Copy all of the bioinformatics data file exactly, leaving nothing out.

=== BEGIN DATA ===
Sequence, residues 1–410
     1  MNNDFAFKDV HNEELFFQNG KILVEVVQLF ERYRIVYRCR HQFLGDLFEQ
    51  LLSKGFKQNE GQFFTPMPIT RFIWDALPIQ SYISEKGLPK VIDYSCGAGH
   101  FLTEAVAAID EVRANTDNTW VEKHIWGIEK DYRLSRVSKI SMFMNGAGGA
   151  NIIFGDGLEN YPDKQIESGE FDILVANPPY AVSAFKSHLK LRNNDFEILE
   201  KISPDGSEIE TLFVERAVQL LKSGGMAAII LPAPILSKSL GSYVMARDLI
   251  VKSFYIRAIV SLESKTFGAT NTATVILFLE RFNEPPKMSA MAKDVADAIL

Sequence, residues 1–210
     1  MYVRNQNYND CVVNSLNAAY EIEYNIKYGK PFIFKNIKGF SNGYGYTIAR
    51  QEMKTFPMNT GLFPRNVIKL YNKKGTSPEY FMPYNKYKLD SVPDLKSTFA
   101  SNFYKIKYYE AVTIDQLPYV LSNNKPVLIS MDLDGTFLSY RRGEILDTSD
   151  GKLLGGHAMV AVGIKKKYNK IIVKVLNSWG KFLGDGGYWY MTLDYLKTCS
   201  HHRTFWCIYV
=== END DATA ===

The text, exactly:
Sequence, residues 1–410
     1  MNNDFAFKDV HNEELFFQNG KILVEVVQLF ERYRIVYRCR HQFLGDLFEQ
    51  LLSKGFKQNE GQFFTPMPIT RFIWDALPIQ SYISEKGLPK VIDYSCGAGH
   101  FLTEAVAAID EVRANTDNTW VEKHIWGIEK DYRLSRVSKI SMFMNGAGGA
   151  NIIFGDGLEN YPDKQIESGE FDILVANPPY AVSAFKSHLK LRNNDFEILE
   201  KISPDGSEIE TLFVERAVQL LKSGGMAAII LPAPILSKSL GSYVMARDLI
   251  VKSFYIRAIV SLESKTFGAT NTATVILFLE RFNEPPKMSA MAKDVADAIL

Sequence, residues 1–210
     1  MYVRNQNYND CVVNSLNAAY EIEYNIKYGK PFIFKNIKGF SNGYGYTIAR
    51  QEMKTFPMNT GLFPRNVIKL YNKKGTSPEY FMPYNKYKLD SVPDLKSTFA
   101  SNFYKIKYYE AVTIDQLPYV LSNNKPVLIS MDLDGTFLSY RRGEILDTSD
   151  GKLLGGHAMV AVGIKKKYNK IIVKVLNSWG KFLGDGGYWY MTLDYLKTCS
   201  HHRTFWCIYV